In mid-August, I headed down to the southeast coast of North Carolina to join a two-day retreat of Davidson’s Environmental Studies Department. We decided to get off campus and meet up at the Bald Head Island Barrier Island Study Center, which is near Wilmington, NC and a beautiful place to have a retreat. It was a great opportunity to hang out with my ENV colleagues more, and also get some work done on some pressing departmental business.
Our first class of majors is graduating this year, for example, and are beginning their set of capstone courses this fall. So we spent a good amount of time talking through the plans for these courses and the students’ associated capstone projects. As a new department and new major, there are a number of these types of issues that it was really helpful to have a chunk of time to focus on. We also had a little bit of time to walk on the pristine beach and get a tour of the research facilities that the Bald Head Island Conservancy manages. There are a lot of possible research possibilities for students there, both in the natural and social sciences, and we look forward to exploring them more in the future.
Photo credit: http://www.bhic.org/
In June, I attended the Annual Meeting of the Association for Environmental Studies and Sciences (AESS) at Santa Clara University, which is right outside San Jose, CA. I presented a paper on “Environmental Evaluations of Companies and Products: The Role of Academia,” which built on data from an online survey of over 400 individuals I conducted as part of my dissertation research. Among those surveyed, academic institutions were the most preferred source of information about the product and corporate environmental performance — more preferred than government, non-profit, media, and company sources. And yet my coding of over 245 eco-label and rating initiatives indicate academic institutions are the least likely to be directly involved in the implementation and design of these programs. I analyzed several examples of initiatives that are run by or closely associated with academic institutions, as a means to demonstrate the range of ways academics can be involved in these efforts.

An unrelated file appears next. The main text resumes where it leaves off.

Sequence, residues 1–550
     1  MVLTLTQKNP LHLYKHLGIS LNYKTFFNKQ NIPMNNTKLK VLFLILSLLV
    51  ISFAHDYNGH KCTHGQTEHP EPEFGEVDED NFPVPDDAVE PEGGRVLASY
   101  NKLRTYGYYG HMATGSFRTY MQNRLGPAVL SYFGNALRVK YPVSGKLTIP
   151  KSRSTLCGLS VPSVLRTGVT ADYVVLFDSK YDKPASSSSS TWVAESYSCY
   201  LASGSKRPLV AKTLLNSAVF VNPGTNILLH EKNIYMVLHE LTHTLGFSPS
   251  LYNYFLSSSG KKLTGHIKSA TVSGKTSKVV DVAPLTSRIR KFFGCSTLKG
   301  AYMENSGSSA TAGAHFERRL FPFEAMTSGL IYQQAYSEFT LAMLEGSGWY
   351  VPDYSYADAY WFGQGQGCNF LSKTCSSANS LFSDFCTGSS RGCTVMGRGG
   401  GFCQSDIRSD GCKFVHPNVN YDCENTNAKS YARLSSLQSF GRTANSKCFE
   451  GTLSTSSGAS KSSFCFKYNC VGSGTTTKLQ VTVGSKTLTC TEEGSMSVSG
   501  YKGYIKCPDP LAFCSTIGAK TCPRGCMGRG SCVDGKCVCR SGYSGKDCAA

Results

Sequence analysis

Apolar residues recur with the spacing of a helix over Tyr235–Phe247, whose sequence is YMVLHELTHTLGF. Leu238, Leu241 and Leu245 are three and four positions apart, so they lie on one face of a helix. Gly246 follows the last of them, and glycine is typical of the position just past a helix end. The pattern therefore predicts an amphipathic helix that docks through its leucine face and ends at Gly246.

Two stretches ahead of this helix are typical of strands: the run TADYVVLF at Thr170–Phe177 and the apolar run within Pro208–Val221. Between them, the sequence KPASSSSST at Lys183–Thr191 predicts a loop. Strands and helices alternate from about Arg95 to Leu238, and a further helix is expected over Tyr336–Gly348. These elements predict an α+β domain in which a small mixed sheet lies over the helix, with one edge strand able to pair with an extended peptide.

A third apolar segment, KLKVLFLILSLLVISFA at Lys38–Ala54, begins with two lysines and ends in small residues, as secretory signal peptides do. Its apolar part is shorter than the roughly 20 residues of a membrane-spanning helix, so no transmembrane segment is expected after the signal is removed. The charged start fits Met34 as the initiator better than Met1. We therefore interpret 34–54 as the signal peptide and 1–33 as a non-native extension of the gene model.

We then discussed why academic researchers have had such limited involvement, whether they should be more involved (without losing their credibility and independence), and ways that might facilitate academics to becoming more engaged with these programs in the future. While there are important pitfalls to avoid in doings, the strong preferences survey participants have for academic involvement suggest that they can very much improve the perceived quality and credibility of existing eco-labels and ratings.
The conference overall was fantastic, and I learned a lot from the diverse sessions that I attended. Strongly recommended conference for people who research environmental issues, and especially those who teach in interdisciplinary environmental studies and sciences programs.